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8279: NOAH on the Haitian Crisis (fwd)

From: Max Blanchet <maxblanchet@worldnet.att.net>

Intransigence is a nonstarter
By Joseph E. Baptiste
and Bob Maguire

June 11, 2001

The recent approval by the Organization of American States of a carefully
worded resolution endorsing Haitian President Jean-Bertrand Aristide's
proposals aimed at breaking his country's political impasse is
news to all who desire progress in Haiti. The immediate negative response to
the OAS action by the Democratic Convergence, a coalition of small political
groups whose unyielding opposition to Aristide is virtually all they have in
common, is very discouraging.

The OAS-endorsed proposals rejected by leaders of the CD include new
elections by the end of this year for senate seats disputed in the May
election and the creation of a new electoral council to manage those
elections. That council would be composed of representatives of an array of
Haitian civil society and political groups, including the CD. Predicting
that Aristide's promises will be broken, CD leaders stated that they would
not participate either in the elections or the new electoral council.

Sadly, this response of Haiti's so-called "democratic opposition" has become
predictable. The group has refused to engage a high-level, joint OAS and
Caribbean Community delegation that traveled to Port-au-Prince in an effort
to help break Haiti's political impasse. It cited the arrest in
Port-au-Prince of Prosper Avril, a notorious former leader of the Haitian
army, as its reason for boycotting negotiations. Although some details of
Avril's May 26 arrest, based upon a warrant issued in 1997, were uncertain,
the anti-Aristide opposition lost no time in using this incident as a
political smokescreen. Release Avril, they demanded, or we will not
participate in OAS/CARICOM-led talks.

Avril -- the latest cause célèbre for an opposition whose quest increasingly
appears to have no other goal than ascension to power through means other
than elections -- led a 1988 military coup d'etat to become Haiti's
"president." Two years later, the general fled Haiti to take up a gilded
exiled residence in South Florida. In a South Florida courtroom in 1992, a
U.S. district judge ruled the general guilty of "egregious human rights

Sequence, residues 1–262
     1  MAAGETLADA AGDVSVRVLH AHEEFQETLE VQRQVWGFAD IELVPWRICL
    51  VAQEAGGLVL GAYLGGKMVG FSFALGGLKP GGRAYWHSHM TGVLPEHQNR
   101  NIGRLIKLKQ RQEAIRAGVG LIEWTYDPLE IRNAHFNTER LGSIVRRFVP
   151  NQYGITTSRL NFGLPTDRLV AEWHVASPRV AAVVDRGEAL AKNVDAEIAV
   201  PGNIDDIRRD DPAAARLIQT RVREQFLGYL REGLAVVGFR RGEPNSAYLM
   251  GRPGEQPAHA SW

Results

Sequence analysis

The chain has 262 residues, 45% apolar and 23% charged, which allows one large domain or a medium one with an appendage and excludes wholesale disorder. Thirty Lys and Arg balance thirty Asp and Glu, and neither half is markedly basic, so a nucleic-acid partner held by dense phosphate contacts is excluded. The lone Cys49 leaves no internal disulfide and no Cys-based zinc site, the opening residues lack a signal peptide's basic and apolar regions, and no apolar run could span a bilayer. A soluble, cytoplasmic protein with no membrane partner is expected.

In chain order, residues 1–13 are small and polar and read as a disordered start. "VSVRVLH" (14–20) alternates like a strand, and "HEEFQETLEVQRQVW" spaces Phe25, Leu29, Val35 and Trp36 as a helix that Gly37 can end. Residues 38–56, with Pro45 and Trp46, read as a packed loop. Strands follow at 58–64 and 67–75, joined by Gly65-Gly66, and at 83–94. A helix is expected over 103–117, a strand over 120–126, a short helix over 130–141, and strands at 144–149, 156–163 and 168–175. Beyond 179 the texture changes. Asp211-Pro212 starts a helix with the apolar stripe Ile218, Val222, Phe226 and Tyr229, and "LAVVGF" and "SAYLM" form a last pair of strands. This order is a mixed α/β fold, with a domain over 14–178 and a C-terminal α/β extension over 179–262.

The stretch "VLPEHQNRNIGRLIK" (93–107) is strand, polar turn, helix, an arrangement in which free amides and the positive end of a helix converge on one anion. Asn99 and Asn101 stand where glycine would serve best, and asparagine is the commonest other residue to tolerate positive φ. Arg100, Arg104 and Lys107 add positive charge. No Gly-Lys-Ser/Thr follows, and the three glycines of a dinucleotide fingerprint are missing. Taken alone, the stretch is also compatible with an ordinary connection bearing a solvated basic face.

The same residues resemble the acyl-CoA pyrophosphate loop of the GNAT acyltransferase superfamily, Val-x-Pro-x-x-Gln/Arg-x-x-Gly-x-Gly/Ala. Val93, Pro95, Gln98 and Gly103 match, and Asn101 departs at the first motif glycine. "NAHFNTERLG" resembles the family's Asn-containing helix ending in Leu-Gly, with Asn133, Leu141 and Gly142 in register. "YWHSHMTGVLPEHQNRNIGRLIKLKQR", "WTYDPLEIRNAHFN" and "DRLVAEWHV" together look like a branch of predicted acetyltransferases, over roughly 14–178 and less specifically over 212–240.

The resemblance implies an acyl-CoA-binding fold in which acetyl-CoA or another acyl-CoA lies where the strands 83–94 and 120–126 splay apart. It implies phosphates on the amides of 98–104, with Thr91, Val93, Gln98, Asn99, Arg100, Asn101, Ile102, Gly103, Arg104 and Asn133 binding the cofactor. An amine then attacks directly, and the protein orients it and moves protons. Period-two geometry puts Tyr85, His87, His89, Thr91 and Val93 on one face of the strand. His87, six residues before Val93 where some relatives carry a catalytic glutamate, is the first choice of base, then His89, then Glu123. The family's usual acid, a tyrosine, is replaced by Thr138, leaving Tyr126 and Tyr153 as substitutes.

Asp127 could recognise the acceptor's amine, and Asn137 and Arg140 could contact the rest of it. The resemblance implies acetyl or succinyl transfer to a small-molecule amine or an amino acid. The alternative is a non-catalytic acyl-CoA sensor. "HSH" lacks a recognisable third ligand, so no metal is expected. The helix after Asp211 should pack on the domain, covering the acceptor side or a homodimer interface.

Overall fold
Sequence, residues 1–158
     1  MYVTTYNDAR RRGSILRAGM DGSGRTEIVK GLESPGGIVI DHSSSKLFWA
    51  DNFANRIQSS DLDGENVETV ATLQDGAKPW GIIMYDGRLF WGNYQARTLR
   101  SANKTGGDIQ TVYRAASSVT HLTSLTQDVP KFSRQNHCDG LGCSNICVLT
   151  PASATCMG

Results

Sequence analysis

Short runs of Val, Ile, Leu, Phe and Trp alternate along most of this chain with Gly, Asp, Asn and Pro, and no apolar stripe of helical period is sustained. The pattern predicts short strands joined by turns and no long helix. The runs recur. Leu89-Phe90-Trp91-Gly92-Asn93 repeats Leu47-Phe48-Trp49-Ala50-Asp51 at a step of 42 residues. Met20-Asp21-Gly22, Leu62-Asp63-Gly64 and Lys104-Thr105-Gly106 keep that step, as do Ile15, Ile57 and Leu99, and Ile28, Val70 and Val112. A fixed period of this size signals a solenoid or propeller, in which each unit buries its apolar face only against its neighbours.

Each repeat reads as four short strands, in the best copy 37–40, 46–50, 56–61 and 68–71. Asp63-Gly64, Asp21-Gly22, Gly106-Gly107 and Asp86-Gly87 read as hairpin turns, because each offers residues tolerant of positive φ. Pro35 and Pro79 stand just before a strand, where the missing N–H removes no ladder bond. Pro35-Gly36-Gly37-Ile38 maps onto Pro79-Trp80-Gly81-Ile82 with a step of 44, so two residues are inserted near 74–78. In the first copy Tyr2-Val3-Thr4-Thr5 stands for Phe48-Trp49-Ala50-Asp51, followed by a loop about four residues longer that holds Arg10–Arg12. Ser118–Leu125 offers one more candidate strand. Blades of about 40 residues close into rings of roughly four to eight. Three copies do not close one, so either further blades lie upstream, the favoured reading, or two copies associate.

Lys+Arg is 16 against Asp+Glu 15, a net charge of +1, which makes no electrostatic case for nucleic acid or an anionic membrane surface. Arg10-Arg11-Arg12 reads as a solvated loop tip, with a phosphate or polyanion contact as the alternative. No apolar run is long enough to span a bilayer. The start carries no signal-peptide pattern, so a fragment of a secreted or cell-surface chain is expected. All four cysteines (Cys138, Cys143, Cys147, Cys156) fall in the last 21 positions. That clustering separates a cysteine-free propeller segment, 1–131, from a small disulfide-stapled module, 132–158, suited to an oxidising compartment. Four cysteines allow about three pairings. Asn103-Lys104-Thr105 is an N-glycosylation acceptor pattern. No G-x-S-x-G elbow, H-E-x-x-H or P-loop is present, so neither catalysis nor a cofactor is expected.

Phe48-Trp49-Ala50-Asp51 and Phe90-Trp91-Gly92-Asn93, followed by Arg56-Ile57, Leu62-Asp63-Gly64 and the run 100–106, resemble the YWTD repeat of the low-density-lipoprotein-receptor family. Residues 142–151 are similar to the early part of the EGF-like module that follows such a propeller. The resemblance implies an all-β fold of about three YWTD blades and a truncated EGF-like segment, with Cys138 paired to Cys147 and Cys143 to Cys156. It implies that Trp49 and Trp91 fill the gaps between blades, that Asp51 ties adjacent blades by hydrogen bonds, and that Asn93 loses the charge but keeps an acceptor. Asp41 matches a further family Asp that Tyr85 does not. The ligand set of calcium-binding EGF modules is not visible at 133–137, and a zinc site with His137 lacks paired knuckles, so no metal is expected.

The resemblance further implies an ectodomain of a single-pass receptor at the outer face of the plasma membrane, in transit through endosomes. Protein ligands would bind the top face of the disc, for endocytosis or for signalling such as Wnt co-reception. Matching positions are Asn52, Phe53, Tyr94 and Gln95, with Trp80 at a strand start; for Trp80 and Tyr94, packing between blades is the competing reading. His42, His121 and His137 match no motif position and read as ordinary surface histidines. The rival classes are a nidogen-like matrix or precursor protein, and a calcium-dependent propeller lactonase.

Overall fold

abuses in Haiti during his military rule." When the judge awarded millions
of dollars in damages to a group of Haitian plaintiffs, Avril fled back to
Haiti, citing his inability to receive justice in the United States. Such
are the heroes of a "democratic opposition"?

That opposition remains unyielding at least in part because it has shrewdly
used its notoriety to gain an apparent political veto that far exceeds the
depth of its constituency in Haiti. In an unreleased U.S. government-funded
poll conducted by the Gallup Organization less than three weeks before
Haiti's late November 2000 presidential election, less than 4 percent of
Haitians were reported as expressing trust in the members of the CD
opposition. In the U.S. system, such a Lilliputian "opposition" would not
even qualify for matching federal funds, let alone continual apparent veto
power from vacant chairs at a negotiating table.

None of Haiti's political actors -- in the majority or in the minority --
come out of this protracted political impasse smelling like a rose. Aristide
and his allies blundered terribly by not acceding to the demands of the OAS
to hold senatorial runoffs in the aftermath of the May 2000 elections, as
prescribed by Haitian electoral law. Aristide's opponents have blundered
terribly in their intransigence in the face both of international efforts at
mediating the crisis and of the Haitian government's efforts toward

Now, with the OAS endorsement of the government's proposals, Haiti's
opposition politicians should participate in the electoral council and in
the Senate elections that will be closely monitored by the OAS and CARICOM.
Almost all actors in this unfortunate drama are ready to move forward.
Continued intransigence by the CD will not only result in a lost
opportunity, but will also risk exclusion from further participation in the
political process.

It is way past time for ALL of Haiti's political actors to stop fiddling
away their country and to engage fully each other -- and the international
community -- in finding a way out of their self-imposed quagmire. Enough is

Joseph E. Baptiste is chairman of the National Organization for the
Advancement of Haitians. Bob Maguire is coordinator of the Georgetown
University, Trinity College, Haiti Program.